Camille Perri and The Assistants: Analogues of Wealth Interviews and Review

Equivalency can be the tipoff to inequality. It might seem counterintuitive, but when you experience this, it happens in a heartbeat. In Camille Perri’s The Assistants, equivalency confirms inequality and sets the plot in motion. Tina Fontana is the assistant to the billionaire-ish head of a media empire. When his whim-of-the moment travel plans prove to be equal in cost to Tina’s terrifying student debt, she finds herself at a moral turning point. Once she crosses the line, her perceptions of the world around her – and herself – are slowly but irrevocably altered. “Laughing all the way to the bank” gets a 21st century luxury gap update.

perri-the_assistants-largeTina’s voice is the driving force of The Assistants, which combines a soupcon of crime novel with a delightful dose of office farce. Once she sets herself in motion, Tina learns that isolation is impossible in the modern workplace. She’s looped in with Emily, who at first glance is Tina’s polar opposite. Tina is short, low-key and on the demure side. Emily is a tall, hot blonde associated with Harvard. Not a force to be denied, she moves in on Tina’s plans and into her tiny, tiny apartment. And while the apartment has room for no more, Tina’s office plans prove to be very accommodating to her female co-worker, all saddled with debt, generally from school.

The Assistants reads like lightning, but has pretty hard core of driving ideas. It doesn’t wear its smarts on its sleeve. Instead, Perri shows us and doesn’t tell us just how crafty she (the author) and Tina and her posse (the characters) are. There’s not a wasted word or a single scene that doesn’t race by like a New York cab on a rainy night. Generally through a puddle. She hits the truth-turns-to-fiction button at all the right moments, and genuinely likes all her characters. The billionaires are not, likeable, per se, but they are by no means villains. They’re more like clueless blue bloods, trans-Atlantic, time-shifted transplanted aristocrats from a clash-of-classes era.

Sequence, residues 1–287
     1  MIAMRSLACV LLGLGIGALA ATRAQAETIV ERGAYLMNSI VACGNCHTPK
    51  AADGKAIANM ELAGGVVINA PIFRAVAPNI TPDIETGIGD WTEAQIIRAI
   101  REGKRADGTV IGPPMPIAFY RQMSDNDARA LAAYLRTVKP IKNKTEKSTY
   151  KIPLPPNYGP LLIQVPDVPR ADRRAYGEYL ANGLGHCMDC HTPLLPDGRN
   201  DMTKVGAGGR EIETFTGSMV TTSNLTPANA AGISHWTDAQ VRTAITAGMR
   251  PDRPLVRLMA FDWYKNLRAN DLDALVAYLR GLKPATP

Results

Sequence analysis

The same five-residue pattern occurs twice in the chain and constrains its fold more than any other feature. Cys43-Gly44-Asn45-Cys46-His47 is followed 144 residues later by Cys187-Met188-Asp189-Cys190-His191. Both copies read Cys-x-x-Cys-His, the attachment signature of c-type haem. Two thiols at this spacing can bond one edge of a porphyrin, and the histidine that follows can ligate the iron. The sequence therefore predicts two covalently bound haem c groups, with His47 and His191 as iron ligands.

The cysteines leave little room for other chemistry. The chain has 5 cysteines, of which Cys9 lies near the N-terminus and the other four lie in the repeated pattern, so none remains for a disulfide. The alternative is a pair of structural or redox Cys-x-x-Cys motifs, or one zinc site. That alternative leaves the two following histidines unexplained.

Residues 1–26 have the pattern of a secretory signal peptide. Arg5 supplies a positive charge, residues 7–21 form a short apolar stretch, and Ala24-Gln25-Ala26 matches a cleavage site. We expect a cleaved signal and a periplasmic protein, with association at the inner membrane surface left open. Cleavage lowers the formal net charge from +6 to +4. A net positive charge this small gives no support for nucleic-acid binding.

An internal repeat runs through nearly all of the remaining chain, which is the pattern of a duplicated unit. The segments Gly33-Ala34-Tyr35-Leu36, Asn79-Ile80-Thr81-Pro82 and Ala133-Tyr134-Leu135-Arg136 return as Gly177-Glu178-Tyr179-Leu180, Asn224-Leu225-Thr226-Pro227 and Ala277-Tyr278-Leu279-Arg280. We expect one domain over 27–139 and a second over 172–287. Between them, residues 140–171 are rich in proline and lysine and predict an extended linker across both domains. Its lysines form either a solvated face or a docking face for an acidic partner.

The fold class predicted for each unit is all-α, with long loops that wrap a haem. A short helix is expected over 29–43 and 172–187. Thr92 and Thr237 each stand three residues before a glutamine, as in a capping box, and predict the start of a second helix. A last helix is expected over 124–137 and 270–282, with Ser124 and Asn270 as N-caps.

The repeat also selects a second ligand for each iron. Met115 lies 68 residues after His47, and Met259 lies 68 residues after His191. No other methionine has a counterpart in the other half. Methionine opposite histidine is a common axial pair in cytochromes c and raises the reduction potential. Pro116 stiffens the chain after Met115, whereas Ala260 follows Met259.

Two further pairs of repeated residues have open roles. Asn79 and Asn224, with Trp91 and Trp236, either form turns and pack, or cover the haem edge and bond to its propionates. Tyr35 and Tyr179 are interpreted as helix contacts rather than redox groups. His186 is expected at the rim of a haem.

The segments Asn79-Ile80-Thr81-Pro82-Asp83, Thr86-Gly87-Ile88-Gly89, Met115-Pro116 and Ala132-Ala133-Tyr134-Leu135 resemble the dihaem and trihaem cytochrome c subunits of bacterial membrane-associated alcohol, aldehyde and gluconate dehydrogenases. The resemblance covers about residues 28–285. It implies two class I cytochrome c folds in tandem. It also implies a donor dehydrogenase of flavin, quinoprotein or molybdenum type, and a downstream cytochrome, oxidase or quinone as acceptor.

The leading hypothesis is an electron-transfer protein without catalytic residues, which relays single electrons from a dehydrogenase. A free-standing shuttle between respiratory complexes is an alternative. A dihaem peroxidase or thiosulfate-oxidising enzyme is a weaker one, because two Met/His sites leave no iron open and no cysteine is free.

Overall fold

The Assistants has enough crime to satisfy readers of the mystery/crime fiction genre, but is light on punishment, and utterly without violence (not even emotional), so as to be easily embraced by a very wide audience. The humor never gets into cartoon territory, and the book gets a R rating by virtue of a nice sprinkling of language that you still cannot use on TV. Simply put, this is a great way to make the world go away, funny and fast-paced, even as it is underpinned by matters that deserve serious consideration. That might happen after you finish hearing Tina’s story. Open up The Assistants and listen as Tina Fontana tells you her story, as she closes the luxury gap with a guilt-driven confidence that for readers, is the equivalent of one hell of a good time.

Not surprisingly, Camille Perri manages to display a similar level of confidence when we sat down to speak about her novel. You can hear the lightning round version of that interview by downloading the file at this link. Or you can don your office headset, pretend to be transcribing dictation and listen right here.

To close the luxury gap, settle in as you commute for the director’ cut, by downloading the file here. Or, get back to that document transcription because it’s a 50-minute interview work speech right here: